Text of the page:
plaques or lesions) in the white matter of
the brain and spinal cord
MS (Multiple sclerosis)
• Cause remains unknown
• Genetics or infections
• Different environmental risk factors
MS (Multiple sclerosis)
There are three categories of MS;
Definite, Probable, and Possible MS.
• Definite MS
• Probable MS
• Possible MS
MS (Multiple sclerosis)
• Relapse-remitting MS (RRMS): Here you
have an attack, go into complete or partial
remission, then have the symptoms return.
• Primary-progressive MS (PPMS): Here you
continually decline and have no remissions.
There may be a temporary relief in
• A few patients have malignant MS which is
where they have a quick decline which
leaves them severely disabled or even lead
to death.
MS (Multiple sclerosis)
• Secondary-progressive MS (SPMS): This
stage of MS starts with RRMS symptoms
and continues on to show signs of PPMS.
• Progressive-relapsing MS (PRMS): This is
a rare form but here it takes a progressive
route made worse by acute attacks.
• 20% of the people with MS have a benign
form. Here they show little progression
after the first attack.
MS (Multiple sclerosis)
Memory change
Double Vision/Vision
• Weakness
• Dizziness/Unsteadin
• Numbness/Tingling
• Ataxia
• Euphoria
• Speech disturbance
• Bladder/Bowel/Sexu
al dysfunction
PT management in MS
(Multiple Sclerosis)
• General Exercise: depend on progression of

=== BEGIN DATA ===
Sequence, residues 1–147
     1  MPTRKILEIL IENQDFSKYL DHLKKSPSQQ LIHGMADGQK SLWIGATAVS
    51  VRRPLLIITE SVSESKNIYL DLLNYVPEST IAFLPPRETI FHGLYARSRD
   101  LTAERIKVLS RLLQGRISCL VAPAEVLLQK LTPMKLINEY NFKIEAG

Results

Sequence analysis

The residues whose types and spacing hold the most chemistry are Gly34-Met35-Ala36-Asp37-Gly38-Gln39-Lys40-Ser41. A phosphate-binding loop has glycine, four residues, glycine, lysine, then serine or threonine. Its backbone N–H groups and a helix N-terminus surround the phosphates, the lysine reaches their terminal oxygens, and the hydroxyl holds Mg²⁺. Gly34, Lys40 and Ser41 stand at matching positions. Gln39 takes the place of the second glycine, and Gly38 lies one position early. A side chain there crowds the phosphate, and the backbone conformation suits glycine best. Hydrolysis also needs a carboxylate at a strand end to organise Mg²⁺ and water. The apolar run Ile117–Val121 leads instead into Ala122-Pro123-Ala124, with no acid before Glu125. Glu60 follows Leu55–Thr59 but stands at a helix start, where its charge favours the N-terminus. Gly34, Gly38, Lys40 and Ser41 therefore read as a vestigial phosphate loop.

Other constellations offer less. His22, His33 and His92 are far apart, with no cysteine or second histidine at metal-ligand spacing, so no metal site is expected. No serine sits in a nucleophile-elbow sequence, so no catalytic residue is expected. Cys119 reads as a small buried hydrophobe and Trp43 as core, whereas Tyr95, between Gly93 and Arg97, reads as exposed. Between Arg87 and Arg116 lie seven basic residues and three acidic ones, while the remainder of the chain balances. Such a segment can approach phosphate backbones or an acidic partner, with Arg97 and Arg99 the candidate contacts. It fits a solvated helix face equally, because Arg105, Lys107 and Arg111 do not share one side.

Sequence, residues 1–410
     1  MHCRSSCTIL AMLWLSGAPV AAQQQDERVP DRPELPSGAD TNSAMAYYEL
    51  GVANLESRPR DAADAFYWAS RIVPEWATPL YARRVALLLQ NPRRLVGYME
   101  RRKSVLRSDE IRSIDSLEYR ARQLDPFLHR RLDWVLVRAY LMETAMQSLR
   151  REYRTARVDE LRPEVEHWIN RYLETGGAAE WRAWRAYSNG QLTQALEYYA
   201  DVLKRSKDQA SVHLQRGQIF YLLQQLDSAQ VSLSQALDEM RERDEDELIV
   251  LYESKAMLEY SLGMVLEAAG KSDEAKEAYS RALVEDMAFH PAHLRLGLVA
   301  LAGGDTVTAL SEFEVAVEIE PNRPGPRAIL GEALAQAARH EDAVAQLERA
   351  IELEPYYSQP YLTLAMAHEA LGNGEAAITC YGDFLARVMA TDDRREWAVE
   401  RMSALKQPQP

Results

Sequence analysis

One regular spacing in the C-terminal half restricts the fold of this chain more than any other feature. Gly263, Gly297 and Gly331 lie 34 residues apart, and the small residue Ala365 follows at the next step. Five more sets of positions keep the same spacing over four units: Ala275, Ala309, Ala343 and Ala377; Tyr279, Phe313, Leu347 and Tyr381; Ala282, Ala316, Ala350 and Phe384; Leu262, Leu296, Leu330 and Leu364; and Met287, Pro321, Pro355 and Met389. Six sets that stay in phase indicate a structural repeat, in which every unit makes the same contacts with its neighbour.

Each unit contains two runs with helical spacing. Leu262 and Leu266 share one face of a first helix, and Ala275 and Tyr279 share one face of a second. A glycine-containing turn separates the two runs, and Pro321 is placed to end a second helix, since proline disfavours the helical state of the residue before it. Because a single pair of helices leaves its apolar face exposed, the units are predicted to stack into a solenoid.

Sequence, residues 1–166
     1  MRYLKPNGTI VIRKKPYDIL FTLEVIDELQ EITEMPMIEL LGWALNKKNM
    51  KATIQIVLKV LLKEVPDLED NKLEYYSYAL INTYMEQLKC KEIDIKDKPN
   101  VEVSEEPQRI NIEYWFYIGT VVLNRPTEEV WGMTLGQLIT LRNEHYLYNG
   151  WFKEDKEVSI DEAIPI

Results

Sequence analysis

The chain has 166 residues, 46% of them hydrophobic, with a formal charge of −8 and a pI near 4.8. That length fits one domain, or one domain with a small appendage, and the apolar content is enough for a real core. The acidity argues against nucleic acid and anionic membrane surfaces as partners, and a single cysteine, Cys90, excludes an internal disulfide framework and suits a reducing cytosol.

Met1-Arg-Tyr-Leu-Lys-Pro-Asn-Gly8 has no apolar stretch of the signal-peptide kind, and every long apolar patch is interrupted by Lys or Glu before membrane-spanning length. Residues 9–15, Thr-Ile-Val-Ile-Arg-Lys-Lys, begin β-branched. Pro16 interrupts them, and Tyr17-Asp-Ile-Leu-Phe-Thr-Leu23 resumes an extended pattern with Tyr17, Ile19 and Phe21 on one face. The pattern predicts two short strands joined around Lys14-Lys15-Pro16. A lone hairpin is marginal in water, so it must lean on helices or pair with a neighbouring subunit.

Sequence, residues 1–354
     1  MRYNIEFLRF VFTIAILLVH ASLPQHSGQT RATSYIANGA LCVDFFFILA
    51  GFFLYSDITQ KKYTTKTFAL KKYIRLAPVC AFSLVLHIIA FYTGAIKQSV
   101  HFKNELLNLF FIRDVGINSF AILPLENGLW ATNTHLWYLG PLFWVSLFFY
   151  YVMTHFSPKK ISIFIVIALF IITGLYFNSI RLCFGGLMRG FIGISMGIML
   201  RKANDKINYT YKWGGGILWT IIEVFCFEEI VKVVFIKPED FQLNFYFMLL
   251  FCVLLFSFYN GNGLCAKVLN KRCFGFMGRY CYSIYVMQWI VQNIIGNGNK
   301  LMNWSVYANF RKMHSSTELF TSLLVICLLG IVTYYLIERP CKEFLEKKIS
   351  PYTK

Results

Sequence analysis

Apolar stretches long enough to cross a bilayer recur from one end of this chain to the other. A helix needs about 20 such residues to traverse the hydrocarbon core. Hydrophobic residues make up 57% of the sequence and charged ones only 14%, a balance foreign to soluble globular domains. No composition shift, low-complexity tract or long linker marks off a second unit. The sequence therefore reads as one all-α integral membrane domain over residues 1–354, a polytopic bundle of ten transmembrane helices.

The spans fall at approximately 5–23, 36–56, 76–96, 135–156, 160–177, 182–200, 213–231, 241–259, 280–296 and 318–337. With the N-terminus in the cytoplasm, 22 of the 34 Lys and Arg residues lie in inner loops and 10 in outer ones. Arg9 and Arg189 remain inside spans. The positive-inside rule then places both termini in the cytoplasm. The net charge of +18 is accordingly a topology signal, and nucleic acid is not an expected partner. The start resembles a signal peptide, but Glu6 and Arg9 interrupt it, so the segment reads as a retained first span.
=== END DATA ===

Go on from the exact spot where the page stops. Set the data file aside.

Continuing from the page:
• Chest Therapy
- BE (Breathing Exercise)
- Coughing
- Huffing
- Chest Trunk Mobilization
Guillain-Barre’s Syndrome
• Most common cause of rapidly progressive
• Demyelinating neuropathy
• Ascending weakness which may include
cranial neuropathies
• Exam reveals symmetric weakness with
areflexia and large fiber sensory loss
• Bowel and bladder usually preserved
Guillain-Barre’s Syndrome
• Respiratory failure can be precipitous
• Other causes of morbidity and mortality
– Autonomic instability
– Infection
• Immune mediated, may be post infectious
• Treatment
– Plasma exchange
– Intravenous immunoglobulin
PT Management in
Guillain-Barre’s Syndrome
• General Exercise
• Pumping Exercise: Prevent DVT
• PT Chest Therapy
- BE (Breathing Exercise)
- Coughing
- Huffing
- Chest Trunk Mobilization
Duchenne and Becker Muscular
Duchenne’s Muscular Dystrophy
Duchenne’s Muscular Dystrophy
• X-linked recessive
• Absence of dystrophin protein
• Slow to reach motor milestones, sxs by age 5
– All walk, may never run
– End up in wheelchair by age 10-12
• Steroids may delay time until wheelchair bound
• Muscles replaced by fat may appear hypertrophic
• Frequently mildly mentally retarded
• Life expectancy < 20 years with death related to
respiratory failure or cardiomyopathy
Duchenne’s Muscular Dystrophy
General Appearance
• Shoulder arkwardly
• Sway back
• Scoliosis
• Knee bend (locked-knee)
• Pseudohypertrophy of calf
• Tip-Toe walking
• Muscle of LE Atrophy
PT Management in Duchenne’s
Muscular Dystrophy
Trunk Stabilization exercise
Management of Posture: Scoliosis
Stretching of calf muscle
Exercise for Strengthening of Muscle of LE
Chest PT in late stage